Conservatism has always been problematic in America, where the word itself has acquired more meanings, some of them quite bizarre, than in Europe. A quite common habit, to give an example, of mentioning libertarianism and conservatism in one breath, thereby suggesting that they are somehow essentially related, is proof enough that a conservative agenda is difficult for the Americans to swallow. If I am not mistaken, the Republican Party has long relinquished, with very few exceptions, any closer link with conservatism. If conservatism, whatever the precise definition, has something to do with a continuity of culture, Christian and Classical roots of this culture, classical metaphysics and anthropology, beauty and virtue, a sense of decorum, liberal education, family, republican paideia, and other related notions, these are not the elements that constitute an integral part of an ideal type of an Republican identity in today’s America. Whether it has been different before, I am not competent to judge, but certainly there was a time when the intellectual institutions somehow linked to the Republican Party debated these issues. The new generations of the neocons gave up on big ideas while the theocons, old or new, never managed to have a noticeable impact on the Republican mainstream.

Given that there is this essential philosophical weakness within the modern Republican identity, Donald Trump does not look like an obvious person to change it by inspiring a resurgence of conservative thinking. I do not exclude however, unlikely as it seems today, that the new administration will need – solely for instrumental reasons – some big ideas to mobilize its electorate and to give them a sense of direction, and that a possible candidate to perform this function will be some kind of conservatism. Liberalism, libertarianism and saying ‘no’ to everything will certainly not serve the purpose. Nationalism looks good and played its role during two or three months of the campaign, but might be insufficient for the four (eight?) years that will follow.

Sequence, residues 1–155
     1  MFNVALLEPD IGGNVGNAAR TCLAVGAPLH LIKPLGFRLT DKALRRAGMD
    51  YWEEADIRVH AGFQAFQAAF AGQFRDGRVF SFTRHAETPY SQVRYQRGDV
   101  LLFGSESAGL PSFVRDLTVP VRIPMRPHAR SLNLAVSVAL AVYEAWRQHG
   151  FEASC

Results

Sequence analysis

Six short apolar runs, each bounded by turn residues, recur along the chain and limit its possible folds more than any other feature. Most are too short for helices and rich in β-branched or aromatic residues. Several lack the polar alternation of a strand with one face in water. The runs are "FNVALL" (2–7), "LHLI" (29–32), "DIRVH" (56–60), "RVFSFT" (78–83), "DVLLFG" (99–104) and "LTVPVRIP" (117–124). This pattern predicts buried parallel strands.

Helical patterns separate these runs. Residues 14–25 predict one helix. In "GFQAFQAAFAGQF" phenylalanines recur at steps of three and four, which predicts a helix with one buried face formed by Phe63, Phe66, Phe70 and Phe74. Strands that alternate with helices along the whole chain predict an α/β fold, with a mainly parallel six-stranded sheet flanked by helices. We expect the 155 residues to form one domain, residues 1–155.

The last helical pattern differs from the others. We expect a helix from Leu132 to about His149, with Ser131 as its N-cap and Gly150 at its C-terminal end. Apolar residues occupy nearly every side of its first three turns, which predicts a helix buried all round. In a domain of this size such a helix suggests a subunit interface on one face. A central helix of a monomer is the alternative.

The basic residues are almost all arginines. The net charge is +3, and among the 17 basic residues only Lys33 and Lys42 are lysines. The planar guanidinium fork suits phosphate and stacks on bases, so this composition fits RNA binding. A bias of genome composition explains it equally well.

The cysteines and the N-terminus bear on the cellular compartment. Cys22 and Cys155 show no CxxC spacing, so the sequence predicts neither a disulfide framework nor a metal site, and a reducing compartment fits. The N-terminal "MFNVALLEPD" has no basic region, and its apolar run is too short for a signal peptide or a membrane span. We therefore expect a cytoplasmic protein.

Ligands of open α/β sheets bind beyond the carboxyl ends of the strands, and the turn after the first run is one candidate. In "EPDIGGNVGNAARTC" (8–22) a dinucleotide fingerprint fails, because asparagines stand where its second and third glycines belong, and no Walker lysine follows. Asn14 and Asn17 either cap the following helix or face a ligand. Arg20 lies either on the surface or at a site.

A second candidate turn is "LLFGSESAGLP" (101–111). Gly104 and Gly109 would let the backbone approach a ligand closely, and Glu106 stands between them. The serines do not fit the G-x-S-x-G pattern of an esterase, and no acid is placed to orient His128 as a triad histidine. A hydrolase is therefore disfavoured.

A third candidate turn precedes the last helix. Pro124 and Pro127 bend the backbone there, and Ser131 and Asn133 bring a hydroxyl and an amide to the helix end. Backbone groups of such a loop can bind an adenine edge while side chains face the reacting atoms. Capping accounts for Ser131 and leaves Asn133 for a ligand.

Though the Republicans will soon have their hands firmly on the levers of political power, cultural institutions — especially academia and the news and entertainment media — are still thoroughly progressive. In The Demon in Democracy, you write that “it is hard to imagine freedom without classical philosophy and the heritage of antiquity, without Christianity and scholasticism [and] many other components of the entire Western civilization.” How can we hope to return to the roots of Western civilization when the culture-forming institutions are so hostile to it? 

It is true that we live at a time of practically one orthodoxy which the majority of intellectuals and artists piously accept, and this orthodoxy — being some kind of liberal progressivism — has less and less connection with the foundations of Western civilization. This is perhaps more visible in Europe than in the US. In Europe, the very term “Europe” has been consistently applied to the European Union. Today the phrase “more Europe” does not mean “more classical education, more Latin and Greek, more knowledge about classical philosophy and scholasticism”, but it means giving more power to the European Commission. No wonder an increasing number of people when they hear about Europe associate it with the EU, and not with Plato, Thomas Aquinas or Johann Sebastian Bach.

It seems thus obvious that those who want to strengthen or, as is more often the case, reintroduce classical culture in the modern world will not find allies among the liberal elites. For a liberal it is natural to distance himself from the classical philosophy, from Christianity and scholasticism rather than to advocate their indispensability for the cultivation of the Western mind. After all, these philosophies – they would say — were created in a pre-modern non-democratic and non-liberal world by men who despised women, kept slaves and took seriously religious superstitions. But it is not only the liberal prejudices that are in the way. A break-up with the classical tradition is not a recent phenomenon, and we have been for too long exposed to the world from which this tradition was absent.

There is little chance that a change may be implemented through a democratic process. Considering that in every Western country education has been, for quite a long time, in a deep crisis and that no government has succeeded in overcoming this crisis, a mere idea of bringing back classical education into schools in which young people can hardly read and write in their own native language sounds somewhat surrealist. A rule that bad education drives out good education seems to prevail in democratic societies. And yet I cannot accept the conclusion that we are doomed to live in societies in which neo-barbarism is becoming a norm.

How can we reverse this process then? In countries where education is primarily the responsibility of the state, it is the governments that may — hypothetically at least — have some role to play by using the economic and political instruments to stimulate the desired changes in education. In the US – I suspect — the government’s role is substantially more reduced. So far however the European governments, including the conservative ones, have not made much progress in reversing the destructive trend.